Celebration of the “Hallmark holiday” is at an all-time low in the UK.
Suzanne Moore’s weekly column, Telling Tales.
On the idea of the “Great White Male”, politics, fashion and much more.
Violent scenes on TV form part of a wider picture of how the media portrays women: as degraded, objectified and patronised victims.
Bhardwaj relocates the action to Kashmir in the mid-1990s. If the graft doesn’t quite take, it’s because the film is so persuasive in portraying the oppression of the Kashmiri people that the woes of Hamlet seem small beer.
Lindsay Lohan, in her music career, has little hope of earning the review “better than Madonna” but, in theatre, she empirically is.
The French author has never been internationally popular, but he is nevertheless widely studied. Leo Robson looks at the reaction to his Nobel win, and what this tells us about the way his work is perceived.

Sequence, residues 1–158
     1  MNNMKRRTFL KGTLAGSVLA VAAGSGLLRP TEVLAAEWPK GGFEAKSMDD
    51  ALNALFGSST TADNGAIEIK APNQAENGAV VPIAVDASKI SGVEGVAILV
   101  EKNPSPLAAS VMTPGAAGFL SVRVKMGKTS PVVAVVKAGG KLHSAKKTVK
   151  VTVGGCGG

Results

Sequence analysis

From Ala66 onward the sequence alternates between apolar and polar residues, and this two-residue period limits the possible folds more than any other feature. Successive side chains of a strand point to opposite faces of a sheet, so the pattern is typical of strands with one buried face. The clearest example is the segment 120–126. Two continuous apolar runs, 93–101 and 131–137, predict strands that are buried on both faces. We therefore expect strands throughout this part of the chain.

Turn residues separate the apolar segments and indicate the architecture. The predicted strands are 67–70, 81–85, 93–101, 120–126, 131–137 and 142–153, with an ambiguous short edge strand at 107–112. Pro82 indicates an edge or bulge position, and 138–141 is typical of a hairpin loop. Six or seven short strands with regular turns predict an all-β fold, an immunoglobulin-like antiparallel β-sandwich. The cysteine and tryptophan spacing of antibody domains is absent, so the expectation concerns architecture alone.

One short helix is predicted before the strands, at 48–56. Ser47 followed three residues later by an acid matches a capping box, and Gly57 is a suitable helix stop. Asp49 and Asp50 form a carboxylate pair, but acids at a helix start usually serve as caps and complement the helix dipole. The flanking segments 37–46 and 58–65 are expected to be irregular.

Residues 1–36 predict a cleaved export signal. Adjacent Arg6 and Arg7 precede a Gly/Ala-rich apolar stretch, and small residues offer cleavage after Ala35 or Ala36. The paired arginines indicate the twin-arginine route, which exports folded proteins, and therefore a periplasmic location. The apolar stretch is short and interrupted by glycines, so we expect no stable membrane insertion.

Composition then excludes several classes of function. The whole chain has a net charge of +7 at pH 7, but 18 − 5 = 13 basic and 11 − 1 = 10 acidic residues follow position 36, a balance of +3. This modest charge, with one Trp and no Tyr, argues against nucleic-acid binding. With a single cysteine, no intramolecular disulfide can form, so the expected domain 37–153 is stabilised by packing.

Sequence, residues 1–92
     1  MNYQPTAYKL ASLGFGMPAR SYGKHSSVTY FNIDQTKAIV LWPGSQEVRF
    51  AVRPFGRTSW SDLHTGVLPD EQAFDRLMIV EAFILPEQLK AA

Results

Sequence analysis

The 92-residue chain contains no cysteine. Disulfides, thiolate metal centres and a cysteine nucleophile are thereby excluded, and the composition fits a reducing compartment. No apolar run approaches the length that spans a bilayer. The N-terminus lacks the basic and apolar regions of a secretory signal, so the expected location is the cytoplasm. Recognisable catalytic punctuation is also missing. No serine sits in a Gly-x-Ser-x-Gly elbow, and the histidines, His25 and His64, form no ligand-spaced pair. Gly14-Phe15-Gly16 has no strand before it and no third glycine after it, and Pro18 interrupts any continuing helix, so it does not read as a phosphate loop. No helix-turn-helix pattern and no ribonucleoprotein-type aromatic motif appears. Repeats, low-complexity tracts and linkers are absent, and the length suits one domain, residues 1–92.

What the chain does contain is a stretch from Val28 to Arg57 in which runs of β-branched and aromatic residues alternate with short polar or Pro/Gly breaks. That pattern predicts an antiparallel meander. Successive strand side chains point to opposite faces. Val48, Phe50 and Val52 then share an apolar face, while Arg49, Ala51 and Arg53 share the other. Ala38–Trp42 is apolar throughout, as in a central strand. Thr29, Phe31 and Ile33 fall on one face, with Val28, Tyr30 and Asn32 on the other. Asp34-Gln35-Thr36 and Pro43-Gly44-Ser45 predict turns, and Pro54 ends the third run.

From Arthur C Clarke’s “Extra Terrestrial Relays” (now called satellites) to H G Wells’ “ironclads” (tanks), science fiction writers have form when it comes to pre-empting the future of technology.
Our guest editor Grayson Perry invites the novelist Martin Amis to his studio to discuss art, violence and the end of men.
Baldness has been spun as synonymous with exaggerated potency, but the bald know that, far from having the vigour of a skinhead, most of them look like nothing so much as a fragile librarian.
It is a funny kind of nostalgia. I feel not 19 again, but anticipatory again.
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